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   Chapter 7 IN WRONG

The Green Mouse By Robert W. Chambers Characters: 14045

Updated: 2017-11-30 00:04


Wherein Sacharissa Remains In and a Young Man Can't Get Out

The snowstorm had ceased; across Fifth Avenue the Park resembled the mica-incrusted view on an expensive Christmas card. Every limb, branch, and twig was outlined in clinging snow; crystals of it glittered under the morning sun; brilliantly dressed children, with sleds, romped and played over the dazzling expanse. Overhead the characteristic deep blue arch of a New York sky spread untroubled by a cloud. Her family--that is, her father, brother-in-law, married sister, three unmarried sisters and herself--were expecting to leave for Tuxedo about noon. Why? Nobody knows why the wealthy are always going somewhere. However, they do, fortunately for story writers.

"It's quite as beautiful here," thought Sacharissa to herself, "as it is in the country. I'm sorry I'm going."

Idling there by the sunny window and gazing out into the white expanse, she had already dismissed all uneasiness in her mind concerning the psychical experiment upon herself. That is to say, she had not exactly dismissed it, she used no conscious effort, it had gone of itself--or, rather, it had been crowded out, dominated by a sudden and strong disinclination to go to Tuxedo.

As she stood there the feeling grew and persisted, and, presently, she found herself repeating aloud: "I don't want to go, I don't want to go. It's stupid to go. Why should I go when it's stupid to go and I'd rather stay here?"

Meanwhile, Ethelinda and Destyn were having a classical reconciliation in a distant section of the house, and the young wife had got as far as:

"Darling, I am so worried about Rissa. I do wish she were not going to Tuxedo. There are so many attractive men expected at the Courlands'."

"She can't escape men anywhere, can she?"

"N-no; but there will be a concentration of particularly good-looking and undesirable ones at Tuxedo this week. That idle, horrid, cynical crowd is coming from Long Island, and I don't want her to marry any of them."

"Well, then, make her stay at home."

"She wants to go."

"What's the good of an older sister if you can't make her mind you?" he asked.

"She won't. She's set her heart on going. All those boisterous winter sports appeal to her. Besides, how can one member of the family be absent on New Year's Day?"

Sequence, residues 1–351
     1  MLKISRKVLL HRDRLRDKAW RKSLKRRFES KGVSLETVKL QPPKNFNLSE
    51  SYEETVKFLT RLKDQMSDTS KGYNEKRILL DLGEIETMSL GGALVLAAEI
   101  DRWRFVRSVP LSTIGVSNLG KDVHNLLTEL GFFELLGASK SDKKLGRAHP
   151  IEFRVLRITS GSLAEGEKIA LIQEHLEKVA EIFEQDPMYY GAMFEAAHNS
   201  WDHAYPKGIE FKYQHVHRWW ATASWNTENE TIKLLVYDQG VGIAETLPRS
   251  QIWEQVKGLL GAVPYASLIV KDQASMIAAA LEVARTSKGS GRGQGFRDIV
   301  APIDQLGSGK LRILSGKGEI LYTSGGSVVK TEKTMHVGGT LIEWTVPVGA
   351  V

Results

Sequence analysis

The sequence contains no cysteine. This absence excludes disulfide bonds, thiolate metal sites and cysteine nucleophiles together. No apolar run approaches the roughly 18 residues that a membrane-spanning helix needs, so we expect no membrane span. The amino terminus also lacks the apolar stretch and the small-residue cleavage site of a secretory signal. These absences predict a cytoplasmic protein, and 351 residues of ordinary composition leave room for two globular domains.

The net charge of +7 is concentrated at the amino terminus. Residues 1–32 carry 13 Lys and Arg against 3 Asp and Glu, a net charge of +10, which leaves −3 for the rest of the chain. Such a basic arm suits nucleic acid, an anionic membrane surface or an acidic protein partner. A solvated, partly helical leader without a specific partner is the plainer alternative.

Arm in arm they strolled out into the great living room, where a large, pompous, vividly colored gentleman was laying down the law to the triplets--three very attractive young girls, dressed precisely alike, who said, "Yes, pa-pah!" and "No pa-pah!" in a grave and silvery-voiced chorus whenever filial obligation required it.

"And another thing," continued the pudgy and vivid old gentleman, whose voice usually ended in a softly mellifluous shout when speaking emphatically: "that worthless Westbury--Cedarhurst--Jericho-- Meadowbrook set are going to be in evidence at this housewarming, and I caution you now against paying anything but the slightest, most superficial and most frivolous attention to anything that any of those young whip-snapping, fox-hunting cubs may say to you. Do you hear?" with a mellow shout like a French horn on a touring car.

"Yes, pa-pah!"

The old gentleman waved his single eyeglass in token of dismissal, and looked at his watch.

"The bus is here," he said fussily. "Come on, Will; come, Linda, and you, Flavilla, Drusilla, and Sybilla, get your furs on. Don't take the elevator. Go down by the stairs, and hurry! If there's one thing in this world I won't do it is to wait for anybody on earth!"

Flunkies and maids flew distractedly about with fur coats, muffs, and stoles. In solemn assemblage the family expedition filed past the elevator, descended the stairs to the lower hall, and there drew up for final inspection.

A mink-infested footman waited outside; valets, butlers, second-men and maids came to attention.

"Where's Sacharissa?" demanded Mr. Carr, sonorously.

"Here, dad," said his oldest daughter, strolling calmly into the hall, hands still linked loosely behind her.

"Why haven't you got your hat and furs on?" demanded her father.

"Because I'm not going, dad," she said sweetly.

The family eyed her in amazement.

"Not going?" shouted her father, in a mellow bellow. "Yes, you are! Not going! And why the dickens not?"

"I really don't know, dad," she said listlessly. "I don't want to go."

Her father waved both pudgy arms furiously. "Don't you feel well? You look well. You are well. Don't you feel well?"

"Perfectly."